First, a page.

The iconic Bowmore distillery was supposedly established in 1779 although records do vary regarding the exact date. Speculation goes back to the 1760’s when the new village of Bowmore was constructed and the distillery buildings are in keeping with the style of the site build.
The iconic Bowmore distillery was supposedly established in 1779 although records do vary regarding the exact date. Speculation goes back to the 1760’s when the new village of Bowmore was constructed and the distillery buildings are in keeping with the style of the site build. What is clear regardless of the specific date, is that Bowmore is one of Scotland’s oldest working examples still in production and certainly the oldest licensed distillery on Islay, as Lagavulin can only claim earlier dates via illicit stills.
Bowmore is founded by David Simson after he leases land from a Daniel Campbell. The passing of the 1823 Excise Act prompts work at Bowmore to increase production and source a larger water supply, which was again improved in the 1840’s and remains in use today. W. & J. Mutter after inheriting the distillery, enjoy success exporting and raising the profile of Bowmore far beyond Islay and we have the detailed account of Alfred Barnard’s visit to the distillery in the 1880’s. For the period for most Scottish distilleries we only his descriptions to rely on for detail, thankfully Barnard seemed quite taken with Bowmore and after enduring a long coach drive he describes the distillery as occupying 4 acres of ground. Precise details follow but it is the sketches that endure today, with the most remarkable being that of the still house and it’s 4 stills. In particular a low wine still with a double forked head running into 2 worm tubs, accompanied by a statement regarding their still shapes that the firm will not allow any deviation from. Even Barnard commented that he had never a still shaped like it previously and sadly this still and its fate have been lost to time.
Due to economic problems in the 1890’s the firm of W. & J. Mutter goes into liquidation and is taken over by a London based consortium named the Bowmore Distillery Company. Their ownership only endures till 1925, thanks to the problems of wars, economic decline and the effects of the Pattison crash across the whisky industry. Taking over the challenge was Sherriff’s Bowmore Distillery Limited, which was owned by Duncan MacLeod from the Isle of Skye before passing onto Inverness firm William Grigor & Son Limited in 1950. A blending firm with roots going back to Glen Albyn distillery in the Highlands, work was completed on a new warehouse and still room before Morrison Bowmore Distillers takes over in 1963. The distillery survives the difficult period of the 1980’s when whisky demand slumps and the peated style of whisky falls completely out of favour by exporting to Japan. This lifeline ultimately attracts Japanese giant, Suntory, who take a 34% share in the parent company in 1989, before 5 years later taking complete ownership of Morrison Bowmore and its distilleries, which endures today.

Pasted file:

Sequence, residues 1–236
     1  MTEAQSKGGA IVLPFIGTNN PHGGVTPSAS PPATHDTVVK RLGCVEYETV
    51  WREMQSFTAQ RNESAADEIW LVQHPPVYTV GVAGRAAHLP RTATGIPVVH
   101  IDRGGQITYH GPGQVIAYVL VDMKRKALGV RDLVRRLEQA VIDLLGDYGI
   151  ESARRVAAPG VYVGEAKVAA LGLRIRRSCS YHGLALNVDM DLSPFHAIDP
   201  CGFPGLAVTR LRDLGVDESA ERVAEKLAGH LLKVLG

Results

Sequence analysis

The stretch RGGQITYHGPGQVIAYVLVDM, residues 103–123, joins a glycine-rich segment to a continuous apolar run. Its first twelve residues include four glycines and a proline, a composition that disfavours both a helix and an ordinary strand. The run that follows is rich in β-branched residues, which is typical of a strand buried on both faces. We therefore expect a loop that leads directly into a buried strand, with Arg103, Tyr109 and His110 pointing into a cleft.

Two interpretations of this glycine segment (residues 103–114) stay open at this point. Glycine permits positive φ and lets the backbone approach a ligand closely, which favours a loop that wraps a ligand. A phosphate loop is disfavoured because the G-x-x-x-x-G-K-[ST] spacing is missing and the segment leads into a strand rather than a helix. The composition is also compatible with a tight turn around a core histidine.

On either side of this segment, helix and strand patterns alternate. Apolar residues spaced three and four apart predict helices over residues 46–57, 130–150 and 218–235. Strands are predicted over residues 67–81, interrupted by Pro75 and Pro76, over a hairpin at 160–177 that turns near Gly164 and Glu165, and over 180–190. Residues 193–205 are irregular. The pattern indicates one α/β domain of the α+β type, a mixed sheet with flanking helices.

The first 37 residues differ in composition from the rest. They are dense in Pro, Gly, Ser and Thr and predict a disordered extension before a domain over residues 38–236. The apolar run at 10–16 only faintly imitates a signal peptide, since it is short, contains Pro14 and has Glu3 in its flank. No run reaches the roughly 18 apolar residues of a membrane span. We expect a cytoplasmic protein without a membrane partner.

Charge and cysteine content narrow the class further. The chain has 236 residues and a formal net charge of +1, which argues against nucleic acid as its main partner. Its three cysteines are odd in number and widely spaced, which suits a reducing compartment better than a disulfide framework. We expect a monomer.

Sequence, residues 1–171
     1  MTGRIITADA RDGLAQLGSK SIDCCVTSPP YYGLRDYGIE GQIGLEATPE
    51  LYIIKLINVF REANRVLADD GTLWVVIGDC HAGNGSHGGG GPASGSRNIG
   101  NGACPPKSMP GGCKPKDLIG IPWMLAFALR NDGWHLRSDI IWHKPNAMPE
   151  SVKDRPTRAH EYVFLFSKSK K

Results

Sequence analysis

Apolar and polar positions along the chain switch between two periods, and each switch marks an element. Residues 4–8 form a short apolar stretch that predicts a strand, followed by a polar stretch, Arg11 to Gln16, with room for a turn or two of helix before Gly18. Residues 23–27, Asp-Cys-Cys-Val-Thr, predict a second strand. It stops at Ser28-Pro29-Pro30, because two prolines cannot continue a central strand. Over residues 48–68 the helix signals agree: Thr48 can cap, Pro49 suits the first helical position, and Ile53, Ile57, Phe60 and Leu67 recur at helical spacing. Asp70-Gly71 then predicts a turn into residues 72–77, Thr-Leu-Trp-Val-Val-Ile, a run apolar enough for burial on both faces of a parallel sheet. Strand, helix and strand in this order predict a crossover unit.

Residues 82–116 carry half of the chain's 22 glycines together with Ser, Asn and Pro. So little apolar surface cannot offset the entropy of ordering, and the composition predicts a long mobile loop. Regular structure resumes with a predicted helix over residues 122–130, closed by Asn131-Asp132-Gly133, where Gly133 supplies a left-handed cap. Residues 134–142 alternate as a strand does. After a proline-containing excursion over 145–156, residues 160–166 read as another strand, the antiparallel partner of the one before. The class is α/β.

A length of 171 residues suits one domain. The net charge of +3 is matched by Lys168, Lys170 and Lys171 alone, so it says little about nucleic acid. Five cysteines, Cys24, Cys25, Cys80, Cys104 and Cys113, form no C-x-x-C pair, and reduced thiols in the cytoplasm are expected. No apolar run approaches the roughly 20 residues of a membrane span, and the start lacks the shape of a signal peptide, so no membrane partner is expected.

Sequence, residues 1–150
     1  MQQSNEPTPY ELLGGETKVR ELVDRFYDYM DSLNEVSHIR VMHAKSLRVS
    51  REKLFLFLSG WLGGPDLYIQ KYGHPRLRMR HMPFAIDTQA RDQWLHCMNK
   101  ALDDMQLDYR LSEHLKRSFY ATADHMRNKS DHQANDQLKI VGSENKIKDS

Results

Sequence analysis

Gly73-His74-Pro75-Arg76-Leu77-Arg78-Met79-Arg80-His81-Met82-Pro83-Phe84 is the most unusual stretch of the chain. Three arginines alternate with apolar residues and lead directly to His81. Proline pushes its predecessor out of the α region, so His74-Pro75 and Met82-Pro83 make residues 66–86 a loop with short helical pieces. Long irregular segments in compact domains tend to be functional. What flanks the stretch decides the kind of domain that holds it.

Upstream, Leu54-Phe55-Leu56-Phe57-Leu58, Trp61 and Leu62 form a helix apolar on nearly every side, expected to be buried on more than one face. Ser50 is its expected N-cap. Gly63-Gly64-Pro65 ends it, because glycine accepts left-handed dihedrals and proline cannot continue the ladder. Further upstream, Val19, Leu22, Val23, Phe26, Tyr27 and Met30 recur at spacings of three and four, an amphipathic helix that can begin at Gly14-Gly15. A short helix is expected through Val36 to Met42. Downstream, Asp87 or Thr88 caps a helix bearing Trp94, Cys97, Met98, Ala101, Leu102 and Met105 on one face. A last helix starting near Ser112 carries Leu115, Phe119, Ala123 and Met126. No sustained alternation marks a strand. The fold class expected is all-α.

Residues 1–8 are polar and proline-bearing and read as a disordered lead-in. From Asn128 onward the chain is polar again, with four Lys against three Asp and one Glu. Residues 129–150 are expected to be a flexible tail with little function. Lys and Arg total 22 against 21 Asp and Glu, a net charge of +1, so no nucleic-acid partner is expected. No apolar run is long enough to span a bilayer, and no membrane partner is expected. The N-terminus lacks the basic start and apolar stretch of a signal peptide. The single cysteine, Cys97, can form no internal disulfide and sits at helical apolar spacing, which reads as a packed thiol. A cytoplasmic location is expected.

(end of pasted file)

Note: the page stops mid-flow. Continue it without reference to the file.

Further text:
The distillery has had a visitor centre since the 1960’s and offers a variety of tours with the Craftsman’s tour particularly recommended. This allows you to venture beyond the viewing room deep into the sanctuary of the legendary three-story No.1 warehouse. On the ground level you are actually standing below sea level, with only the thick outer wall to protect you from the crashing waves that you can hear during stormy weather. It’s just a stunning environment and a must for any whisky enthusiast to experience and helps Bowmore create the coastal flavours it’s famous for. Also included in most tours are the floor maltings that are still in use and help provide a percentage of Bowmore’s daily requirements, with the rest coming via the Port Ellen maltings.
Bowmore should be a mixture of light peat, smoke and fruit which combine to give it an unmistakable character and dynamic nature, with the emphasis on smoke. Unfortunately, due to production changes during the 1980’s it all went terribly wrong with the spirit style changing. This endured into the 90’s but Suntory have sought to address the balance and restore the classic Bowmore character. The bottlings and distillate from this era are fondly named as having an overly pronounced French perfume character with a soapy taste. It’s a legacy that has been addressed with the current range of Bowmore’s showing an improvement.
Today, Bowmore can produce around 2 million litres annually, which goes to support its extensive single malt range and cask for independent bottlers. The range is currently a combination of age statements from 9, 10, 12 and 15 years old, with older expressions available and is in the process of being refined. These and their No Age Statement expressions show the effects of maturation in different types of casks. With the Morrison Bowmore master blender, Rachel Barrie, moving onto Brown-Forman recently, more changes may be incoming, but the legacy of Bowmore and its popularity endures as an iconic distillery.